VIEWPOINT: Microelectronics - A Critical National Resource
One fallout from the pandemic has been a growing realization of the impact of a fragile manufacturing and supply chain on the economy and potential impact on national security.
This is true in several sectors, but arguably, none more important than microelectronics. The issues are great, but there is a recommended solution that has been identified as a way forward to “build back better” a strong microelectronics industry in the United States: there needs to be a public-private partnership that will take the nation from foreign dependency to self-sustaining domestic production.
Microelectronics is a sector where the United States still has the largest market share in sales of finished product, at about 47 percent of the global total, according to the Semiconductor Industry Association.
Unfortunately, America only accounts for approximately 12 percent of the global manufacturing production. The nation relies on parts made offshore which are in many cases single sourced. This is true for both commercial and military systems. Disruption of the worldwide microelectronics supply chain would seriously impact the U.S. economy, as well as the readiness posture of the armed forces, and operability of critical national infrastructure such as electric grids, banking and the medical industries.
By 2030, left unchecked, U.S. production will fall to 10 percent of global production. Roughly 50 percent of production will come from China and Taiwan; 80 percent when adding Japan and Singapore. The United States imports about 80 percent of the microelectronics used here. This situation leaves the nation totally vulnerable and reliant on several countries, one of which — China — has shown no hesitancy to wield economic tools to further their national security objectives.
The United States has already seen the “canary in the coal mine” of microelectronics supply chain fragility in the automotive industry.
Modern automobiles rely on a specialized microelectronic called “microcontrollers.” The Taiwan Semiconductor Manufacturing Co. produces roughly 70 percent of the global supply of microcontrollers. At the start of the pandemic, TSMC projected a need to shift production to chips required to meet the demand of teleworking, reducing production of microcontrollers. The demand for automotive microcontrollers did not wane, resulting in Western automakers having to reduce 2021 vehicle production.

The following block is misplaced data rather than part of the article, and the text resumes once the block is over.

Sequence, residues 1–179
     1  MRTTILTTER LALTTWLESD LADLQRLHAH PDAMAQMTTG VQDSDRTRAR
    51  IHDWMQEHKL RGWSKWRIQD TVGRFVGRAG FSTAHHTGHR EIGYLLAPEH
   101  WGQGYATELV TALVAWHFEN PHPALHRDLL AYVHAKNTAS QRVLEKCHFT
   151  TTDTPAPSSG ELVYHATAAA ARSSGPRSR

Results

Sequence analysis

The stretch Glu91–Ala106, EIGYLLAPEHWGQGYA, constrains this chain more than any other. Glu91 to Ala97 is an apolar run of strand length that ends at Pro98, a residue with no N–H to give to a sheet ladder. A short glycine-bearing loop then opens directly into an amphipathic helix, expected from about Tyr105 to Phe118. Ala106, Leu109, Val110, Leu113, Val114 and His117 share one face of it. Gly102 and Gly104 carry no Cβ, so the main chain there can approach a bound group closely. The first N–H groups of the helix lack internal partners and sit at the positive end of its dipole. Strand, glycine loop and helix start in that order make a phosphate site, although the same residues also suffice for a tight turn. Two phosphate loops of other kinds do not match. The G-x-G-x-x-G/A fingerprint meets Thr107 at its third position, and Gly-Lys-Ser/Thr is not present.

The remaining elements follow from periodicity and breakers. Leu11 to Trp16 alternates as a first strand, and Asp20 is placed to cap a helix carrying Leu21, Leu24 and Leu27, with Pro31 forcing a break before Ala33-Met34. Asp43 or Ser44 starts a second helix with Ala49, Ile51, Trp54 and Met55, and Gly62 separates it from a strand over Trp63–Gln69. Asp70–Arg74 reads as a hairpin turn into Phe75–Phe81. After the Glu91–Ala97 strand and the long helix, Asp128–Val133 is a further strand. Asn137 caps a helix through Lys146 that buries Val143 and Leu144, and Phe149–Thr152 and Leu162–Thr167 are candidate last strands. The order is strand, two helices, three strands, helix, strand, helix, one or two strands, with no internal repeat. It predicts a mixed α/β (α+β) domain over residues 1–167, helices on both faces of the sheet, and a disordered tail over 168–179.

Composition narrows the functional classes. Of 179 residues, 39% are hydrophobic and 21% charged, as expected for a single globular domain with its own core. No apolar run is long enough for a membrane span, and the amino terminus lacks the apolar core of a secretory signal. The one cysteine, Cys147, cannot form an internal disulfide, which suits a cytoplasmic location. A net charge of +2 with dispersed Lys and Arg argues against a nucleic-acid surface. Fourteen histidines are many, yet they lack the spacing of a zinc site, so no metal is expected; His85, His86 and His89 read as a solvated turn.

There is very little the West can do about this in the short term.
U.S.-based firms are shifting their production processes, but this takes time — measured in years, not months.
The canary in the coal mine event occurred largely through a series of circumstances. But it is very illustrative of the national security challenges facing America. Disruption of a supply chain of standard microelectronics could slow or cripple production of new U.S. defense systems or completely undermine sustainment of existing systems.
This is not just a state-of-the-art problem for microelectronics. It is a problem for legacy systems as well. In the commercial semiconductor market, most products are expendable. If the cell phone or computer gets old — replace it. The life span is around five years or less. Defense platforms are very complex, and fighter jets, aircraft carriers, etc., are not expendable. To be sure, the Defense Department could mitigate some of the challenges by more aggressively adopting digital engineering and open architectures to allow more plug-and-play modules. The department is not there yet — they are heading in that direction — but a completely open system is likely years away.
So, what happens when the Defense Department loses access to legacy parts? Currently, two options — both bad — are available: reengineer with available microelectronics, which costs a lot of money and takes time, or program for end-of-life purchases.
In the fiscal year 2021 budget request, the department asked to make a roughly $900 million purchase of legacy microelectronics to support the fielding of military GPS user equipment through 2028. Such a change is not free — the money has to come from something else the department needs to do. More end-of-life purchases are expected in the coming years.
Defense can’t drive the market. Its market share is under 2 percent of U.S. demand.
However, when we start to think about all national security systems — inclusive of critical infrastructure — the demand can approach 20 to 25 percent. This opens options. Currently, several Asian nations subsidize production, giving these countries as much as a 30 to 50 percent advantage in the market. U.S. producers really can’t compete at this disadvantage. By taking policy and financial actions in a coherent strategy, the nation can develop a sustainable microelectronics ecosystem that would reduce the dependency on offshore manufacturers.
But the time to act is now. President Joe Biden has opened the discussion with his “Build Back Better” initiative. We believe the nation needs to strengthen the Buy America Act or an expanded Berry Amendment to provide preferential purchasing from domestic microelectronics producers and enhanced emphasis on digital engineering and open systems architecture to begin a change in incentives. However, this will not be enough. The United States needs to couple these policy options with a coordinated and strategic government funding plan for 2021. We advocate a public-private partnership to coordinate this investment as a business, with a sustainable cash flow to keep the U.S. microelectronics ecosystem healthy and critical infrastructure secure.
Alan R. Shaffer is an advisor, Chris Toffales is chairman and Monique D. Attar is communications manager at CTC Aero LLC, an aerospace and defense consultancy firm.